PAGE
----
The Domes of Rome
Few cities in the world display as formidable an array of domes and dome-like structures than Rome. Furthermore, the Roman interest and affinity for this billowing form stretches back over two-thousand years. While the ancient Romans did not invent domes, they refined the techniques with which to build them, developed an extensive repertoire of shapes, expanded their potential sizes and ascribed a rich variety of functions and meanings to the domes they built.
As far as can be determined, before the middle of the fifth century forty-three buildings in the city are known to have had domes, and a total of fifty-six ancient domes are confirmed. They were employed in important buildings, such as imperial palaces, tombs and public bath complexes, many of which are well known to scholars. But countless other structures lost long before their features were adequately documented are likely to have been crowned with domes, too. These include smaller tombs, nymphaea, dining rooms and private baths. Without a doubt, Rome housed the largest collection of ancient domes in a single urban center.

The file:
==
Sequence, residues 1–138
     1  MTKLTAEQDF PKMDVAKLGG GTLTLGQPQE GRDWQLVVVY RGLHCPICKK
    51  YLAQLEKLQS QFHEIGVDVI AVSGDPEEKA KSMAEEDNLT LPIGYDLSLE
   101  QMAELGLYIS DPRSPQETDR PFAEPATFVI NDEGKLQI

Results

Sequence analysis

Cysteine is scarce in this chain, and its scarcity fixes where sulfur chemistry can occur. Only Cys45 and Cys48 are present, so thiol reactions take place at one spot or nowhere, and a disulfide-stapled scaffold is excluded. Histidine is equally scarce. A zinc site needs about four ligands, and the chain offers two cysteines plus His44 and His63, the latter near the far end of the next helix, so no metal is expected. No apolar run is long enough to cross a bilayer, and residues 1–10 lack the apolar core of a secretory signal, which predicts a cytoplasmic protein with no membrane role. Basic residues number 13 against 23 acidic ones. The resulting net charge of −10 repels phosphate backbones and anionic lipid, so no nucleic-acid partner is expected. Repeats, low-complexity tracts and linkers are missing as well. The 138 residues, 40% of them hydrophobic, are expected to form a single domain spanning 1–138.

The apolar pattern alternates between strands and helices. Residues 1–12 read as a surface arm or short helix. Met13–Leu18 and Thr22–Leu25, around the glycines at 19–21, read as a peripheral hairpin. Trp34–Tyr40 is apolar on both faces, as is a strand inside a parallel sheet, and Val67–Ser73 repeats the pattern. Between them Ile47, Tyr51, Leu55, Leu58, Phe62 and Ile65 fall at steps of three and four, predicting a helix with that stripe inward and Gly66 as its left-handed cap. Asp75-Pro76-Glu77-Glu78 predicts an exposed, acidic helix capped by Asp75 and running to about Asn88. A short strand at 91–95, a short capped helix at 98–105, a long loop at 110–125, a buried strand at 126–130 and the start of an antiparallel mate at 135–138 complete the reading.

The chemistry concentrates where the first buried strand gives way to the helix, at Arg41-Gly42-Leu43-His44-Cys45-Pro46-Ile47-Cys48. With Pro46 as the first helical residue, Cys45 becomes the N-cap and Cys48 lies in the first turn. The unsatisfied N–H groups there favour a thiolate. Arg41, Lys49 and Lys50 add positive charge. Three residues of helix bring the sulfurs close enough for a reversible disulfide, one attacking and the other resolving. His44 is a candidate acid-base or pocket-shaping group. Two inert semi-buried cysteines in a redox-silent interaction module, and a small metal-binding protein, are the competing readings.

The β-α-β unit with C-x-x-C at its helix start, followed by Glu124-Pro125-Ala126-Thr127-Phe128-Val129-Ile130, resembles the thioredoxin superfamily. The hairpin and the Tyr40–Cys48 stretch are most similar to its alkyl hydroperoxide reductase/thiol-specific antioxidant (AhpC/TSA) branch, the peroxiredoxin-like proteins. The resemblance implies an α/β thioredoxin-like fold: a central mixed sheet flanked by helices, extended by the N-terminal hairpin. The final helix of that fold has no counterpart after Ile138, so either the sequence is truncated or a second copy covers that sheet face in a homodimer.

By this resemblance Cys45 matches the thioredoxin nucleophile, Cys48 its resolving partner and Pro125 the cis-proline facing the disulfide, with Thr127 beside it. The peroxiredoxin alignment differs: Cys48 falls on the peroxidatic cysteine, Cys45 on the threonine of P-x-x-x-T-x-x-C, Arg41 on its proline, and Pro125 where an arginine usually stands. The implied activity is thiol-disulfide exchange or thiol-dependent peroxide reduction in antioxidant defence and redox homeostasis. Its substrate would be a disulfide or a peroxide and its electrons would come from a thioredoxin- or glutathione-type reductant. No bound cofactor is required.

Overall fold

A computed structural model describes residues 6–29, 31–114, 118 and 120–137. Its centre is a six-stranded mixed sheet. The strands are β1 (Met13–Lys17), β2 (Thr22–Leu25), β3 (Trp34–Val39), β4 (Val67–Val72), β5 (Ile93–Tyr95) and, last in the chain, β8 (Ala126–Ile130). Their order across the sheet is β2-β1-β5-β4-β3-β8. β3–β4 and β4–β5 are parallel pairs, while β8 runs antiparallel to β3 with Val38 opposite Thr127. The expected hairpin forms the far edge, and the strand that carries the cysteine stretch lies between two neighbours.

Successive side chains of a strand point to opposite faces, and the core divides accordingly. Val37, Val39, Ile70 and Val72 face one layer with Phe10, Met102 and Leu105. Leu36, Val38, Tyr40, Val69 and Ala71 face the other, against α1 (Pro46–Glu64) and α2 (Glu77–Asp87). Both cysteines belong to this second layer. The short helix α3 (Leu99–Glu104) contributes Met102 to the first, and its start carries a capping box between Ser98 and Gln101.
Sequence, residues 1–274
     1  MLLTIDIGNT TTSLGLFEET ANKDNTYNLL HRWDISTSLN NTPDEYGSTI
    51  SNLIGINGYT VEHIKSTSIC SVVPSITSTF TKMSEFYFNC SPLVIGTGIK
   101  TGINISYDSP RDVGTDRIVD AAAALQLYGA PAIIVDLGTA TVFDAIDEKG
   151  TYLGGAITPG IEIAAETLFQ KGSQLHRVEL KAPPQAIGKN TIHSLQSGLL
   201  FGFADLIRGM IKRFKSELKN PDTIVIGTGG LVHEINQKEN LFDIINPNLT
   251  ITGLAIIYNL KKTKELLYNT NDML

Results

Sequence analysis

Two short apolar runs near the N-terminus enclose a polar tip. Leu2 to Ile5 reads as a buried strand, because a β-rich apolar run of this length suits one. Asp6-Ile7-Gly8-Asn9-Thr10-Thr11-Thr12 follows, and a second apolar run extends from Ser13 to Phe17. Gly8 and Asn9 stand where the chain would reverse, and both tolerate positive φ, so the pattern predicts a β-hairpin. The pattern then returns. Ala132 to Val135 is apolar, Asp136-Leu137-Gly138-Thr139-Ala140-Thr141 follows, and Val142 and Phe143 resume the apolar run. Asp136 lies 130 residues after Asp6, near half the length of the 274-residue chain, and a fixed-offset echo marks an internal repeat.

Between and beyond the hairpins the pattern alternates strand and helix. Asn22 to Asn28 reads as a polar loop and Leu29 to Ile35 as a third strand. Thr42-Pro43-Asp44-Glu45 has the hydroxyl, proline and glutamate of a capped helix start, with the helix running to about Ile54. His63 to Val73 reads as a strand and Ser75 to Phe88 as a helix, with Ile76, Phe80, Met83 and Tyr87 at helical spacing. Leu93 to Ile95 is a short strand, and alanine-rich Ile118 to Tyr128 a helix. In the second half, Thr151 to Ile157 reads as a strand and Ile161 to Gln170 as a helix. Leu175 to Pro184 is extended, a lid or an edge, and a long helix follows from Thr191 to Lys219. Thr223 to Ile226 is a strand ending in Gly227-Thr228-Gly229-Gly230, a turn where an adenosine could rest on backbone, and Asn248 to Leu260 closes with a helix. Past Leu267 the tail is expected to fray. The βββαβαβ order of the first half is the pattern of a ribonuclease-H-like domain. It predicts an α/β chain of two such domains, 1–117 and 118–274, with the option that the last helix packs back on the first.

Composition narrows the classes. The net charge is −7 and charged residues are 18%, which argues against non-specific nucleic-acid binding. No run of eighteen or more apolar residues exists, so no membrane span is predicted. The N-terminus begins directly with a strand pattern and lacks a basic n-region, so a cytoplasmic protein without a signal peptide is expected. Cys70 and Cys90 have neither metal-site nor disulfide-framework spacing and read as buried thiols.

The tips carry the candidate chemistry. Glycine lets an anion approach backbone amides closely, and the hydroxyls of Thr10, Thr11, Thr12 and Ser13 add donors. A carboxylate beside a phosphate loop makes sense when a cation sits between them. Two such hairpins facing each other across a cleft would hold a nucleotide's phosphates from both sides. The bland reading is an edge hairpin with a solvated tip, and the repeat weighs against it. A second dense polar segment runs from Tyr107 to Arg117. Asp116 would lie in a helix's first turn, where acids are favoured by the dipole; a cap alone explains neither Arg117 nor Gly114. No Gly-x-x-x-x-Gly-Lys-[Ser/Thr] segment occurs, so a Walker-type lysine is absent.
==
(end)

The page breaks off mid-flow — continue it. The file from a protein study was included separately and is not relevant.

Then, between the middle of the fifth century and the middle of the fifteenth century, not a single dome is known to have been built in Rome. Of course, during this period many ancient domed buidlings continued to be use—most famously the Pantheon, which became a church in 609. The reasons for this construction hiatus are complex and not easily summarized here.
Finally, during the mid-fifteenth-century patrons were again eager to build domes, especially atop the crossings or central spaces of some of the new churches being built around and after that time. The quintessential example is, of course, the cupola over the new Basilica of St. Peter’s erected in the Vatican.
Lanciani’s image collection contains a number of interesting depictions of domes, both ancient and modern. Here are a few compelling ones:
Text by Nick Camerlenghi